It makes sense — if your credit card is compromised because of a card skimmer, perhaps the thief will make a few purchases with your account. In addition to the fraud protections tied to credit cards, at least the thief used the bank’s money, not yours. While you can probably get the money back in your checking account, a fraudulently used debit card temporarily leaves you without that money, which can be a major issue for many Americans, depending on the timing and amount spent.

2. Connect Carefully

DeFelippi avoids using insecure WiFi as much as possible. Even if you’re not actively using sensitive information, like doing some online shopping or checking bank statements, you may have forgotten about something running in the background that you wouldn’t want someone else to access.

“As soon as you connect to that WiFi, anything on your computer is going to start to communicate with that WiFi,” he says. “It’s pretty easy for someone to do.”

On that note, it’s a good habit to err on the side of caution when using a secure WiFi connection to which many people have access. Entering a security key to access the network isn’t a guarantee of reduced risk.

3. Monitor Your Accounts

DeFelippi was pretty clear: Prevention isn’t everything. Even when you work hard to protect your information, it can get stolen.

That’s why you need to look out for signs of identity theft and credit card fraud. Monitoring your bank accounts is a simple way of checking for unauthorized activity, and he likes using Mint.com to review all his accounts in one place.

Data security goes beyond bank accounts. With the easy access consumers have to their credit reports and credit scores, it’s easy to spot if something is amiss. You can get your free annual credit reports from the major credit reporting agencies, and using a free tool like Credit.com’s Credit Report Card, you can compare changes in your credit scores over time, as a major shift could be a sign of identity theft. There’s also the option of paying for credit monitoring services, which will alert you when someone applies for new credit with your Social Security number.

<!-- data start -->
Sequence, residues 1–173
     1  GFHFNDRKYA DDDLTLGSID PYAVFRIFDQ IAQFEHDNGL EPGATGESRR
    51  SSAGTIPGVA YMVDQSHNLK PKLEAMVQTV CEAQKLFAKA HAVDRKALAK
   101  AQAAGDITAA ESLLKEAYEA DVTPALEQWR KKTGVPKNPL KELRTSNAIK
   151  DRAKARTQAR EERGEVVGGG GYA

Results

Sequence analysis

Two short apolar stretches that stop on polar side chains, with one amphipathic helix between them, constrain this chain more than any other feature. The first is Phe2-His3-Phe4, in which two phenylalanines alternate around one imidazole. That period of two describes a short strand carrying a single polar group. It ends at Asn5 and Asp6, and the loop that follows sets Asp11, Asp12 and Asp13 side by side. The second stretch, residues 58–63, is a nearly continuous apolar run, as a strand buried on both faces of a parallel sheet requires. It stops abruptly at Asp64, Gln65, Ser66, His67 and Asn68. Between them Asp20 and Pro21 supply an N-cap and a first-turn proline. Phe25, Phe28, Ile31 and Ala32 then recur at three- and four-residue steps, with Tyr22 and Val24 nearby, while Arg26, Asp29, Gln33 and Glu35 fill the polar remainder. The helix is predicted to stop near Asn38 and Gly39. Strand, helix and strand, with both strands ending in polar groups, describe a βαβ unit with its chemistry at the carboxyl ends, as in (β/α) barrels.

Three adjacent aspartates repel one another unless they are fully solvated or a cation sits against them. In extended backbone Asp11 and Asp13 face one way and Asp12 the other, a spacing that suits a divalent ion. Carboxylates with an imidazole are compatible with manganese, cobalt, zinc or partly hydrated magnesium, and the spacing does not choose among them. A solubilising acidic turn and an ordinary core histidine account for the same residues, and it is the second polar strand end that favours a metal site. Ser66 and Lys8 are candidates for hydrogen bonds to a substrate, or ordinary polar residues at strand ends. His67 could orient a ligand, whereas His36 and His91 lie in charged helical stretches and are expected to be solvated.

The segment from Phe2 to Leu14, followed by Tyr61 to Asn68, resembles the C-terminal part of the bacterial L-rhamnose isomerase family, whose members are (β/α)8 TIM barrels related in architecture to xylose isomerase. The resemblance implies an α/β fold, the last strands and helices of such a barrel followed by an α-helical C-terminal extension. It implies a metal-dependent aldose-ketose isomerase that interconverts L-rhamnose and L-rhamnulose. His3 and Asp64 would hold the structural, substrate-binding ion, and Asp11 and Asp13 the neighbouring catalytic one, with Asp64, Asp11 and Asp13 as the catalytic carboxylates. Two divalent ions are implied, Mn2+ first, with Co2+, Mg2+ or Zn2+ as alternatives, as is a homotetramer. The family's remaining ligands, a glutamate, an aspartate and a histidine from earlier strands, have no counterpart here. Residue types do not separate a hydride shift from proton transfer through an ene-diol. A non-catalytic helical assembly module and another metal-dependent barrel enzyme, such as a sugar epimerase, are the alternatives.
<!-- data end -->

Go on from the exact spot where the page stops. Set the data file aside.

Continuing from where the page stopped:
4. Act Immediately

“If something does happen, catch it as quickly as possible,” DeFelippi says. That’s the advantage of keeping tabs on everything — when someone gets a hold of your incredibly valuable personal information, you can prevent the incident from getting out of control.”

There are regulations in place to protect consumers from the fallout of identity theft, but it can take a long time to straighten out long-lasting fraud. Your credit information, even if it was messed with by a fraudster, ends up on your credit report, which impacts your credit scores, which plays a large part in your ability to get loans and other financial services.

If you’re curious, DeFelippi was sentenced to three years of probation, which included his work with the Secret Service, and had to pay $210,000 in restitution for his crimes. He was facing 8 ½ years of prison when he pleaded guilty to the crimes.